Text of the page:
A Little Smart Shopper In Training
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A Little Smart Shopper In Training

The bright side of a tough economy is to make you think twice before you spend, which will benefit you in the long run. But for starters, you may need a few pointers for how to manage your money more wisely. Capital One and national consumer advocacy group Consumer Action have launched a site called Moneywi$e, which provides a series of online courses on family financial management. Capital One has also teamed up with Parent Bloggers Network on a new blog blast about schooling our kids on smart shopping. They are asking parent bloggers to share their thoughts on how to teach our children about financial responsibility while shopping for school.

In my opinion, the key to raising a financially responsible child is to be a financially responsible parent. Action speakers louder than words. At least from my own experience, I don't remember my parents ever preaching to me how important it is not to overspend, but I appreciate their frugal life style and am following their lead. Believe it or not, kids are keen observers and are sensitive to changes.

I’m not so much of a deal hunter, but I do save quite a bit by sticking to my principal of purchasing on need not on impulse. As far as back to school shopping is concerned, I’d suggest plan the shopping trip together with your kid by following these simple steps.
  1. Check your inventory. Stay on top of what you already have in the house, such as school supplies, clothing, shoes, etc.
  2. Create a shopping list. Figure out what you still need to get ready for school. Keep your shopping list clean and reasonable by eliminating things that you (or your kid, to be more exact) can comfortably live without, things that are obviously beyond your means, and things that you already have and that are in good usable condition (even though they may not be as nice you would like).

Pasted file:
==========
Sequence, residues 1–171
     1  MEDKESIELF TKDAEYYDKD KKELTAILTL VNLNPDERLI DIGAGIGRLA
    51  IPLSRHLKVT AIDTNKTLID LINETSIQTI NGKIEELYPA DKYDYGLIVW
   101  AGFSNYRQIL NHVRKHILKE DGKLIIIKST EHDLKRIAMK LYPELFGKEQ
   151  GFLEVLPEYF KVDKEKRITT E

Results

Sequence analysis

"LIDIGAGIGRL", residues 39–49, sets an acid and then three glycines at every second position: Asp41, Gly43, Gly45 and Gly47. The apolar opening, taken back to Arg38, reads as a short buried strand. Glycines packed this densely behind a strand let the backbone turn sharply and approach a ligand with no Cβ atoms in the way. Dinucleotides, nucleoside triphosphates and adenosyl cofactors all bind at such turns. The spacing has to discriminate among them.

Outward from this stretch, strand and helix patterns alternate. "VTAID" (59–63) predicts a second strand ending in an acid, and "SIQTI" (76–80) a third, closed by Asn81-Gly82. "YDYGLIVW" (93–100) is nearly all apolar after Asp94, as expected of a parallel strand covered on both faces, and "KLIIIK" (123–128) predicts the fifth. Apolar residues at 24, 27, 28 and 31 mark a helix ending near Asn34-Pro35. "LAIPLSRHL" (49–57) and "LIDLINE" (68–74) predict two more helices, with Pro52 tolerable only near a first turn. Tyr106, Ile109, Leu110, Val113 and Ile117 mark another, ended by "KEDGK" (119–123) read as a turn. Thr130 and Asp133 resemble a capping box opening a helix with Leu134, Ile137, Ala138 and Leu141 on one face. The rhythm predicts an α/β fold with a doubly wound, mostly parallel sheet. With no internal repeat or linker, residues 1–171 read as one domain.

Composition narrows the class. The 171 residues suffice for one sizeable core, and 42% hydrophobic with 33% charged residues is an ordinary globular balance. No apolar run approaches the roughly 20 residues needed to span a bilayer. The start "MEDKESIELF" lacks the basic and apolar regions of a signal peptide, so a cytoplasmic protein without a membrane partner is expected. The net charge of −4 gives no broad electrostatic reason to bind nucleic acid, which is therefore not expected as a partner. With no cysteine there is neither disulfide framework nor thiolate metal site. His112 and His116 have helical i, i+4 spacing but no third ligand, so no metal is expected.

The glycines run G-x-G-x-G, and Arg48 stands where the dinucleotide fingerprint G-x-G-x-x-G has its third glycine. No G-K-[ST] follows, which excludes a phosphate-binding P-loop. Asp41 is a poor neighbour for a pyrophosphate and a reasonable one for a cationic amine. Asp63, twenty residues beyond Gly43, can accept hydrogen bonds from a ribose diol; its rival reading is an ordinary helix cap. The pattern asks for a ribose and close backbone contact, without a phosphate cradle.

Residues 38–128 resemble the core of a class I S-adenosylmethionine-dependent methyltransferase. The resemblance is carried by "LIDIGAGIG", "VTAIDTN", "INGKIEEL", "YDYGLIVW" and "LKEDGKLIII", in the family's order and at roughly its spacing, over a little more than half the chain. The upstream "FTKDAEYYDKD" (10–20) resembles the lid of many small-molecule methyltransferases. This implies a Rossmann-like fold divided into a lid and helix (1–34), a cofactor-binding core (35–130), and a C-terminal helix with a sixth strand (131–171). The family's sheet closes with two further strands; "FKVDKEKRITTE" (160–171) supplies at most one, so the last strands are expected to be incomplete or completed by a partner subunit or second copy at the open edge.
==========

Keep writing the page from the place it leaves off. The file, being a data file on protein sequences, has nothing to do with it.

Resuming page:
3. Do comparison shopping. Compare prices of the items in need preferably on line, or through store ads if you don't have easy access to the Internet. Remember that store brands are usually of equivalent quality to name brands, but cheaper. Search for store-specific coupons or promotions to avoid missing any additional savings.
  4. Be loyal to your shopping list. This is the most important but perhaps more difficult part. But once you make it the first time, it'll become easier. You'll find it not only saves your money but also saves your time.
I hope these could be of help to some of you. I'd love to learn about your tips too. In fact, if you blog about this topic by the end of the day today, you might win a $150 gift card and a Kindle! See contest details here.

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